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LabTV: Curious about Post-Traumatic Osteoarthritis

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LabTV-Avery White

If you like sports and you like science, I think you’ll enjoy meeting Avery White, an undergraduate studying biomedical engineering at the University of Delaware in Newark. In this LabTV profile, we catch up with White as she conducts basic research that may help us better understand—and possibly prevent—the painful osteoarthritis that often pops up years after knee injuries from sports and other activities.

Many athletes, along with lots of regular folks, are familiar with the immediate and painful consequences of tearing the knee’s cartilage (meniscus) or anterior cruciate ligament (ACL). Most also know that such injuries can usually be repaired by surgery. Yet, many people aren’t aware of the longer-term health threat posed by ACL and meniscus tears: a substantially increased risk of developing osteoarthritis years down the road—in some individuals, even as early as age 30. While treatments are available for such post-traumatic osteoarthritis, including physical therapy, pain medications, and even knee-replacement surgery, more preventive options are needed to avoid these chronic joint problems.

White’s interest in this problem is personal. She’s a volleyball player herself, her sister tore her ACL, and her mother damaged her meniscus. After spending a summer working in a lab, this Wilmington, DE native has grown increasingly interested in the field of tissue engineering. She says it offers her an opportunity to use “micro” cell biology techniques to address a “macro” challenge: finding ways to encourage the body to generate healthy new cells that may prevent or reverse injury-induced osteoarthritis.

What’s up next for White? She says maybe a summer internship in a lab overseas, and, on the more distant horizon, graduate school with the goal of earning a Ph.D.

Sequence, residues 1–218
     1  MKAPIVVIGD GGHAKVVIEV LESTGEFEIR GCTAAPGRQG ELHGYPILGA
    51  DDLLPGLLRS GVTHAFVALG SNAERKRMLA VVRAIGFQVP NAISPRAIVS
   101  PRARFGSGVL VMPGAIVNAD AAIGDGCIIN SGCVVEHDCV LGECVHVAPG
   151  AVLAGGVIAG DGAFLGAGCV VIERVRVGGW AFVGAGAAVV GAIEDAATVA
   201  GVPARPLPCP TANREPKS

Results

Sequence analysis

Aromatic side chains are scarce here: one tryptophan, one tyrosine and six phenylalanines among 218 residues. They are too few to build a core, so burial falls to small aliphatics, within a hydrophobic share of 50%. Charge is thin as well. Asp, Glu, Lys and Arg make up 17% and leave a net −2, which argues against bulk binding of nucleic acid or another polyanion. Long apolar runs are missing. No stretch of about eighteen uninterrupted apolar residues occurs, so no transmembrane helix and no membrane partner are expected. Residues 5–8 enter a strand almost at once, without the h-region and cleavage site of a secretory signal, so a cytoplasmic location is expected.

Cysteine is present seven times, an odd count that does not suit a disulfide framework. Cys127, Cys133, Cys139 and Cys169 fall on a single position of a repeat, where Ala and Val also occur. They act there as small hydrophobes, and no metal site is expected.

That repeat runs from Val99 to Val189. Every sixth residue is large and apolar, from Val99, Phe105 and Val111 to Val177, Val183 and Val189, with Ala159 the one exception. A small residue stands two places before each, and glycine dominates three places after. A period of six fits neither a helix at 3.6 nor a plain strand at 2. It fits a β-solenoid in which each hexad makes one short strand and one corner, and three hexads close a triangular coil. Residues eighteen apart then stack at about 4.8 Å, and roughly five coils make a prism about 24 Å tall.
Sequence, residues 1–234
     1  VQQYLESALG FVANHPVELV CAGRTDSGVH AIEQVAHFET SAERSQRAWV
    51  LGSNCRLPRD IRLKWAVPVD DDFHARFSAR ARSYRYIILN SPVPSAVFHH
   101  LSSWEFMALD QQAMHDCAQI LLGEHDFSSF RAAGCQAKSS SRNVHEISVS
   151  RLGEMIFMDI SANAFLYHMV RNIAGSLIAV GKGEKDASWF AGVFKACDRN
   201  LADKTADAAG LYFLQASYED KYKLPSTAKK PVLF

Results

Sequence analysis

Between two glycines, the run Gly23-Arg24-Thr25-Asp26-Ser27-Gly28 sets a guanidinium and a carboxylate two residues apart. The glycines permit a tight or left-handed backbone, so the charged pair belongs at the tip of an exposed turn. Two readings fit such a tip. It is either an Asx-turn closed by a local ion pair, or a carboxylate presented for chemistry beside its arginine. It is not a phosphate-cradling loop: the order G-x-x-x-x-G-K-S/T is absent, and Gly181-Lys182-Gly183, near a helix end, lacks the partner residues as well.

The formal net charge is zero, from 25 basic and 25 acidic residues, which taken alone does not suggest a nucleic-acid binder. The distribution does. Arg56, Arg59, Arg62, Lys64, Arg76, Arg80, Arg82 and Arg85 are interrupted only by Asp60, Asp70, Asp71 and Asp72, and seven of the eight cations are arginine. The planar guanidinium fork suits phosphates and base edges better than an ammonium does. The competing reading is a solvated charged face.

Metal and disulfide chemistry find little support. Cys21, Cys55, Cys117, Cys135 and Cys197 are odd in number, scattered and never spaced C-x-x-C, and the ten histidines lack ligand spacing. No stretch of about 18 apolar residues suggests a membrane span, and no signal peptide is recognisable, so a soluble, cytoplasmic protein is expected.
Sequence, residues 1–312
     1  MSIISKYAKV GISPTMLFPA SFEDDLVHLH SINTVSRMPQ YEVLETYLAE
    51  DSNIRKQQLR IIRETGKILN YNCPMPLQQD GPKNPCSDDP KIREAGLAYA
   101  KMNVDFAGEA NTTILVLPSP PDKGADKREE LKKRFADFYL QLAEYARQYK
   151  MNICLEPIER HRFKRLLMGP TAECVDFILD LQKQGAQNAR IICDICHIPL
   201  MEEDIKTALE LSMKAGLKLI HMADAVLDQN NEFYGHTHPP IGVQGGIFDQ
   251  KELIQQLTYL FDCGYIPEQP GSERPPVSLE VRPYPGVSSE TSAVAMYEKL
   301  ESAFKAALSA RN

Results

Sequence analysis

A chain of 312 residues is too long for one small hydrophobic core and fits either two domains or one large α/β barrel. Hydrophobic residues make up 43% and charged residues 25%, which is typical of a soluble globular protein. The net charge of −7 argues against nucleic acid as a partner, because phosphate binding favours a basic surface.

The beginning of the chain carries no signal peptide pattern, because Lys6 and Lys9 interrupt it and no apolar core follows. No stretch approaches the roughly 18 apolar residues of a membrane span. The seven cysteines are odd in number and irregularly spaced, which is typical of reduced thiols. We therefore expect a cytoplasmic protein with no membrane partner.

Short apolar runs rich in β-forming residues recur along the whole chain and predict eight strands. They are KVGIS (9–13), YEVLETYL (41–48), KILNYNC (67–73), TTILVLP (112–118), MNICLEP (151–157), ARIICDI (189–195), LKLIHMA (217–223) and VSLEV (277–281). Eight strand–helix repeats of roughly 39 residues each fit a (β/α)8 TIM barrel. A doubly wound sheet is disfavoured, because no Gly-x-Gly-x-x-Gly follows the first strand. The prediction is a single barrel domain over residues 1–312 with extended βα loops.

Links:

LabTV

University of Delaware Biomedical Engineering

Science Careers (National Institute of General Medical Sciences/NIH)

Careers Blog (Office of Intramural Training/NIH)

Scientific Careers at NIH


Reprogramming Genes to Keep Joints Healthy

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Caption: [Left] The knee joint of a normal mouse that endured an ACL-type injury. The injury triggered osteoarthritis and caused the cartilage on the femur (red) and tibia (green) to degrade, allowing the bones to sandwich together. [Right] This is the knee joint of a mouse that received gene therapy after the ACL injury. The cartilage is thick and healthy, and covers the bones completely, providing a cushion.

Credit: Brendan Lee and Zhechao Ruan, Department of Molecular and Human Genetics,
Baylor College of Medicine, Houston, TX

Our joints are pretty amazing marvels of engineering, but they don’t last forever. As we age, or if we suffer certain injuries, the smooth, slippery white cartilage covering the ends of our bones begins to fray and degrade. This causes osteoarthritis (OA), or ‘wear-and-tear’ arthritis. As the cartilage thins and disappears, the bones can even grow spurs that grate against each other, causing swelling and pain. It’s a major cause of disability, and there’s currently no cure—other than joint replacement, which is a pretty big deal and isn’t available for all joints. About 27 million Americans already have osteoarthritis; about 1 in 2 will suffer from some form of the disease over their lifetime. Those are lousy odds.